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TSMC threatens to conquer consumer electronics biz

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ISSCC TSMC, the world's biggest chip foundry, rather unsurprisingly thinks it can boost the fortunes of the semiconductor industry by making customers more dependent on the services of - chip foundries.

So said the company's founder Morris Chang today, in a speech at ISSCC (International Solid State Circuits Conference). His pitch revolved around the ways TSMC can create tighter bonds with its customers on the chip design, manufacturing and intellectual property fronts. Customers who fail to form such links with their foundry will fall behind their rivals, he warned.

"We believe that deeper, broader customer and foundry relations offer significant advantages," he said.

"The level of information flow...must go much further. And a high level of mutual trust must be reached for this engagement to be successful."

A self-serving, almost threatening agenda? Sure. But Chang insists that foundry health equals health for the semiconductor industry as a whole.

"The growth rate of the semiconductor industry has begun to slow down," he said. "We need to work together to get the growth of the semiconductor industry going again."

The only way to achieve such growth is by letting foundries manufacture integrated circuits for a wider audience.

Foundries currently account for 12 per cent of total IC (integrated circuit) revenue and 30 per cent of "impact revenue" - or the money generated from sales of finished products derived from foundry wafers. By 2010, Chang sees foundries taking 15 per cent of direct revenue and 40 per cent of impact revenue.

They will do this by expanding beyond core CMOS logic to grab more and more of the transistors used in cell phones, gaming consoles, LCD displays, MP3 players, cameras and the like. "Consumer electronics will be one of the significant future drivers," Chang said.

To meet demand from the consumer electronics crowd, foundries will need to share detailed information early on about the design, power, performance and cost expectations of the customer. In addition, the foundry and the customer will require more communication than in the past as products head to market due to the fiercely competitive nature of the consumer electronics field.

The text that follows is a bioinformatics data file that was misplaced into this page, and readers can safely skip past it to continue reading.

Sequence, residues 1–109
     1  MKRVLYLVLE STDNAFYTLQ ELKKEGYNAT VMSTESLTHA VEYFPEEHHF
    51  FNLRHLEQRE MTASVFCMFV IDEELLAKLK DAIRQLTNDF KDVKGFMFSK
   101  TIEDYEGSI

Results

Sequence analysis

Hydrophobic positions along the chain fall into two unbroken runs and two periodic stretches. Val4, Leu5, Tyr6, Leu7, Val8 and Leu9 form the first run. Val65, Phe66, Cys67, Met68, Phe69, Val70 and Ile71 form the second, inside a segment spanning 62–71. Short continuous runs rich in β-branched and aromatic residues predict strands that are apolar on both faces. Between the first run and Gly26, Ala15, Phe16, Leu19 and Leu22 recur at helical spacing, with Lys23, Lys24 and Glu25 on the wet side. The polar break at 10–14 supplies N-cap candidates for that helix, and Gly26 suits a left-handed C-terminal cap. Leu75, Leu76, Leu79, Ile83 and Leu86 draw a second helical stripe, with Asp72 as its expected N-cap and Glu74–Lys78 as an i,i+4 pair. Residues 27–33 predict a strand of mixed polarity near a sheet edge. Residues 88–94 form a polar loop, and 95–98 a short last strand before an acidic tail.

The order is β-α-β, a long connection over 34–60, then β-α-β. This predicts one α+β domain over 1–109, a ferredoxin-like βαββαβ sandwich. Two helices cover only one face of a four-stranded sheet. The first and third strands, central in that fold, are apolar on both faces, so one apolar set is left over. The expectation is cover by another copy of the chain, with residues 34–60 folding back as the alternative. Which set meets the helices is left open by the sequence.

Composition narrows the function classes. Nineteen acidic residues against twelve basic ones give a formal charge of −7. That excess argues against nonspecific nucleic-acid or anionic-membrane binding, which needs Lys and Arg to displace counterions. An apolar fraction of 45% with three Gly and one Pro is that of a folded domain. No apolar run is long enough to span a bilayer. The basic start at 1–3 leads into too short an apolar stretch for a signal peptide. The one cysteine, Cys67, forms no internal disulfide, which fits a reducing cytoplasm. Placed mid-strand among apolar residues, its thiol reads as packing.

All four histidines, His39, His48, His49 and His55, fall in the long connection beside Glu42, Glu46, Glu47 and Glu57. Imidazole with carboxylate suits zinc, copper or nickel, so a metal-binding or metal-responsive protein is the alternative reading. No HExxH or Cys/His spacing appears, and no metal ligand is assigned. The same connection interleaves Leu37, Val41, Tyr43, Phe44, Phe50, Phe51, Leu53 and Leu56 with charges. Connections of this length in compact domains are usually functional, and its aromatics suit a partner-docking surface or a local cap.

Companies that have the tightest relationships with foundries will enjoy the best service when they, for example, need to ramp production of their chips quickly. Similarly, customers will want to form close bonds with a foundry that can assure intellectual property protection even when it's producing devices from a wide variety of vendors.

"The ability to form such relationships with customers will be a key differentiator between foundry suppliers," Chang said.

His pitch felt like a warning to potential customers who have seen big rises in the cost of producing a device design and an equally large rise in the cost of building chip fabs. "This work isn't going to get cheaper, so you better pick a big, strong and competent partner" seemed to be Chang's basic message.

TSMC plans to keep customers happy by moving to so-called Giga-fabs, capable of pumping out 100,000 300mm wafers per month. These monster fabs will be able to keep up with demand from a broad set of customers and bring more business to the efficient foundry model.

"We believe it is possible to propel growth in the foundry segment and bolster overall IC growth," Chang said. ®

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